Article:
Many NGOs have intervened where the Greek government has not, however, they do not have full autonomy to act as they see fit so funds directed towards them end up sitting unused. After all, even if the government has its failures, Greece is still a democracy with a better voter turnout than the US so NGOs can not just act unilaterally within its borders. Unfortunately, the refugee influx has been accompanied by a rise of extremism in Europe and Greece has not been exempt–Golden Dawn, a fascist, xenophobic party which held 0.3 percent of the vote in 2009, has surged to gain 7 percent today. This opposition to immigration, along with political sluggishness in general, prevents any quick response from NGOs that may have more funds to work with than the Greek government.

So far I haven’t mentioned the EU-TU deal agreed upon this past March and to get on with the good part of this (City Plaza!), I won’t. As far as I know, its potentially illegal under EU law and hasn’t been game changing in anyway besides de facto reinforcing the Dublin Regulations, forcing Greece to process everyone who arrives rather than letting some move on into other parts the EU.


City Plaza has been so effective because it operates outside the context of Greek politics and EU negotiations by empowering refugees to take hold of their own situation (a solution completely overlooked by the savior-victim hierarchy of most NGOs). City Plaza is an abandoned hotel in Athens that has been occupied by the Economic and Political Refugee Solidarity Initiative. As a member said when I visited this week, it has two parts: the physical space and the idea it carries. The physical space is the seven story hotel that has been repurposed to host over 400 people from tens of countries, linguistic, and religious backgrounds. The idea is the political community that is growing from City Plaza–a movement away from the victim centric view of refugees which often disables them in the society they move into by portraying them only as helpless and vulnerable. As my guide, a migrant from Afghanistan now living in Greece for 12 years, said: “breaking away from migrants as refugees that are solely vulnerable needing help means viewing them as individuals not defined by their vulnerabilities”. City Plaza is also reinventing the refugee acceptance process, moving away from only selecting Syrian war refugees whilst turning away Pakistani economic refugees for instance, in an effort to better support diversity in its camp (e.g. various nationalities, equal gender division, families and single migrants, minors and adults).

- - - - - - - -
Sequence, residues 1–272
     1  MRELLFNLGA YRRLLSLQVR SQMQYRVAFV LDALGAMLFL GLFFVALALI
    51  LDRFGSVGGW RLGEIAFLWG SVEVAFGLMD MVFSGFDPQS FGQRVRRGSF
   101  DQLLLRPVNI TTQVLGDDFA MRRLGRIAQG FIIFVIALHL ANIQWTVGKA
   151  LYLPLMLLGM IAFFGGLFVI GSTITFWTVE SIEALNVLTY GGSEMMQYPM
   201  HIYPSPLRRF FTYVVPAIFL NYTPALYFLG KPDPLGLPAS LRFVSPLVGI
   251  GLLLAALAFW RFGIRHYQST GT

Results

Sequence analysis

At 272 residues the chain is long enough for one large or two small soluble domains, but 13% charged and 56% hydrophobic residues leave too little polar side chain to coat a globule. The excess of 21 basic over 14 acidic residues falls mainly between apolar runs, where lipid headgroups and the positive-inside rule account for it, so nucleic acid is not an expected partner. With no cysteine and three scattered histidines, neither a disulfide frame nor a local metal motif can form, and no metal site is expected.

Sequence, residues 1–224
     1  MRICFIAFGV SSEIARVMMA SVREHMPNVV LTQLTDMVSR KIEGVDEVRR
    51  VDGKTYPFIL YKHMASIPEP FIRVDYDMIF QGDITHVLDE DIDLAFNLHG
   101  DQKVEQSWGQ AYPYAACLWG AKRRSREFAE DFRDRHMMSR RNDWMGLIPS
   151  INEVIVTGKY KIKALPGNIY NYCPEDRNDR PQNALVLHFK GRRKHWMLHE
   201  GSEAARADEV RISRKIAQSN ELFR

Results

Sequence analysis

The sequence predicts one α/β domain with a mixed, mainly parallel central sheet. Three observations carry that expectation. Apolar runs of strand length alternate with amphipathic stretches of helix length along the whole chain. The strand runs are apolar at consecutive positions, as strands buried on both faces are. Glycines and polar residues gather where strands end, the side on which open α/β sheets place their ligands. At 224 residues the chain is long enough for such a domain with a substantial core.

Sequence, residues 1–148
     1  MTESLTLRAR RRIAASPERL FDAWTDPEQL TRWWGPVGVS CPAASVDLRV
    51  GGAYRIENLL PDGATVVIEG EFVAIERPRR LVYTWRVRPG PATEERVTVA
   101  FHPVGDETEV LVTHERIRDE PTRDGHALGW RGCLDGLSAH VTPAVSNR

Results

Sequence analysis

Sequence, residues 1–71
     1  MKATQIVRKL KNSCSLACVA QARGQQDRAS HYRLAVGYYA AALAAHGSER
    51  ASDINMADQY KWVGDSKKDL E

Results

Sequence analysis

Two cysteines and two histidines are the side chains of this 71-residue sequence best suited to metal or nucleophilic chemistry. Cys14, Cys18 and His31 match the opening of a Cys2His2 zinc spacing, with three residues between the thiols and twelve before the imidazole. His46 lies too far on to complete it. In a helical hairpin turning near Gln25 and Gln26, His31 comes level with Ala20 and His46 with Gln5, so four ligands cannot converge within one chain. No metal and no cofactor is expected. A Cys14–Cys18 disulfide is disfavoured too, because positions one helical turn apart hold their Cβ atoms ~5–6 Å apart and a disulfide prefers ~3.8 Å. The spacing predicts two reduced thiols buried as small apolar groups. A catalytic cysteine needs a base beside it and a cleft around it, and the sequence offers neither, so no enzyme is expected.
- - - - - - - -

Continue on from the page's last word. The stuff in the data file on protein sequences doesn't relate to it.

City Plaza reminds me of John Steinbeck’s government camp in The Grapes of Wrath. The code of conduct is the same–no alcohol on the premises, no violence, mutual respect–and sadly, it wouldn’t surprise me if some Golden Dawn member tried to sabotage it by starting a fake fight. More importantly though, it is a people driven response that is creating change now while larger institutions still struggle in transition. Although migrants from Syria, Iraq, Eritrea, Afghanistan and Pakistan had absolutely no role in creating their current situation (look to the illegal invasion of Iraq or even further back to imperial deals that divided the Middle East between Euro powers like Sykes-Picot for the cause), they are the best at fixing it. Given the opportunity of self-determination, in just a few months they have created something more effective in managing the refugee crisis than the EU has in the years up till this point.


Author: Ty Joseph Hranac

Contact: or Profile photo by Adrianna Housman.